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Findings from the phase III IMbrave 150 trial represented the first time a treatment outperformed sorafenib for overall survival and progression-free survival in patients with unresectable hepatocellular carcinoma (HCC), and the HCC world was understandably excited, said Ghassan K. Abou-Alfa, MD.
Ghassan K. Abou-Alfa, MD
The phase III IMbrave 150 trial showed the combination of atezolizumab (Tecentriq) plus bevacizumab (Avastin) improved overall survival (OS) versus sorafenib (Nexavar) in patients with unresectable hepatocellular carcinoma (HCC). These findings represented the first time a treatment outperformed sorafenib for OS and progression-free survival (PFS) in this setting, and the HCC world was understandably excited, said Ghassan K. Abou-Alfa, MD.1
Abou-Alfa, a medical oncologist at Memorial Sloan Kettering Cancer Center, said the combination will likely overtake sorafenib as the standard of care in the first-line setting at some point. However, he cautioned his audience at the 2020 HCC-TAG Conference about making too much of the data pending further validation.
“This is positive data, but I'm always cautious...waiting to see the full data,” he said. “What we are depending on so far is an abstract. We need more data to see the analysis in depth to put it in place and compare it to other agents.”
Abou-Alfa took his audience on a recap of the triumphs and challenges of 2019 in HCC—with IMbrave 150 being the most significant development—and set the stage for the year ahead.
In IMbrave 150, 501 patients with unresectable HCC were randomly assigned to 1200 mg of IV atezolizumab plus 15mg/kg of IV bevacizumab every 3 weeks or 400 mg of sorafenib twice daily. Patients stayed on study until unacceptable toxicity or loss of clinical benefit.
At a median follow-up of 8.6 months, investigators observed a 42% decrease in the risk of death (HR, 0.58; 95% CI, 0.42-0.79; P = .0006) and a 41% decrease in the risk of disease progression or death (HR, 0.59; 95% CI, 0.47-0.76; P <.0001) in the atezolizumab/bevacizumab arm versus the sorafenib arm.2 The median PFS was 6.8 months in the experimental arm and 4.3 months in the control arm. The median OS was not reached versus 13.2 months, respectively.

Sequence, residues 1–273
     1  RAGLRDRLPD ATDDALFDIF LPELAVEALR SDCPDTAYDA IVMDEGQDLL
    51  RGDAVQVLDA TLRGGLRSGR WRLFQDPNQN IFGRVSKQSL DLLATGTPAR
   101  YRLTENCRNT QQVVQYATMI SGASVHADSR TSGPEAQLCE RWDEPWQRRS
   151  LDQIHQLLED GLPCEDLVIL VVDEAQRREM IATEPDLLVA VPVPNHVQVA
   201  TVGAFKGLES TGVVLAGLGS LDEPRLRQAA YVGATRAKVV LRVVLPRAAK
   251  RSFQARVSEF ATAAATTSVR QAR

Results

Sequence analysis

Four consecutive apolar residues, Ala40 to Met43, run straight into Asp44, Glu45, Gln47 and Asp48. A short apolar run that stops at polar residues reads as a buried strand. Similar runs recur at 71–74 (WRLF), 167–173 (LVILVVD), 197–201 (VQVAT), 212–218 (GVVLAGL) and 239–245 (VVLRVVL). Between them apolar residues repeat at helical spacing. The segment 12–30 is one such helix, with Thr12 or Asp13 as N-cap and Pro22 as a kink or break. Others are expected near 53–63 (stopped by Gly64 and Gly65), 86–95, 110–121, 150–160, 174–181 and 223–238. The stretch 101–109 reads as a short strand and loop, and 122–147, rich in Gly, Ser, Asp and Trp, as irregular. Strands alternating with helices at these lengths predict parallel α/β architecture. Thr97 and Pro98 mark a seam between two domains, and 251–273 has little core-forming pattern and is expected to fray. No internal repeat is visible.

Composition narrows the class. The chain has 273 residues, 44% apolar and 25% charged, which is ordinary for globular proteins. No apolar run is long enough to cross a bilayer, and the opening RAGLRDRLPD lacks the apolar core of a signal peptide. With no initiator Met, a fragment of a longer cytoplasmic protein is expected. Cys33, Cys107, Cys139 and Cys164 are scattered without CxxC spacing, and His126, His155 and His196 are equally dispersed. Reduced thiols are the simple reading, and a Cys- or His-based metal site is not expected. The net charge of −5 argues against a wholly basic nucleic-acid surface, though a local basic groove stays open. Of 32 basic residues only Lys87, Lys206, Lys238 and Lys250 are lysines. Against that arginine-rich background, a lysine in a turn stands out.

Compared with the sorafenib arm, the overall response rate (ORR) was higher than in the combination arm (27% vs 12%; P <.0001) based on independent assessment using RECIST 1.1 criteria and similarly increased using HCC mRECIST criteria (33% vs 13%, P <.0001).
Subsequent findings presented at the 2020 Gastrointestinal Cancers Symposium in January showed that atezolizumab/bevacizumab confers benefits in quality of life, functioning, and key symptoms compared with sorafenib.3
While sorafenib and lenvatinib (Lenvima) remain the only approved agents for HCC in the upfront setting, Abou-Alfa said combinations—anti-VEGF agents plus checkpoint inhibitors, TKIs plus checkpoint inhibitors, and dual checkpoint inhibitors—are “novel, positive, and disruptive.” He pointed to data from the phase I/II CheckMate-040 trial to show the potential impact of the doublet of nivolumab (Opdivo) plus cabozantinib (Cabometyx), and the triplet regimen combining nivolumab with ipilimumab (Yervoy) and cabozantinib.
Previous data from another cohort from the trial showed that nivolumab in combination with ipilimumab demonstrated a high response rate and durable responses in patients with advanced HCC previously treated with sorafenib.4 Moreover, a previous pivotal phase III study of cabozantinib in patients with advanced HCC showed a median OS of 10.2 months.5
In findings from CheckMate-040 presented at the 2020 Gastrointestinal Cancers Symposium, the median PFS by investigator assessment was 6.8 months (95% CI, 4.0-14.3) with nivolumab/ipilimumab/cabozantinib (n = 35) versus 5.4 months (95% CI, 3.2-10.9) with nivolumab/cabozantinib (n = 36). The median OS was 21.5 months (95% CI, 13.1 to not reached) with the doublet and not reached with the triplet (95% CI, 15.1 to not reached). The 15-month OS rates also favored the triplet (70% vs 64%).6
However, the triplet was associated with a higher rate of treatment-emergent adverse events. Twenty-five (71%) patients in the triplet arm experienced grade 3/4 treatment-related adverse events compared with 17 (47%) in the doublet arm. The rate of discontinuation due to toxicity was nearly twice as high in the triplet arm (20% vs 11%), as was discontinuation for immune-related adverse events (11% vs 6%).
“The one thing that caught our attention quite a bit was the adverse events—that high level of grade 3/4 toxicity with the triplet,” Abou-Alfa said. He added that the toxicity profile means that the triplet will require further study before its therapeutic role can be defined.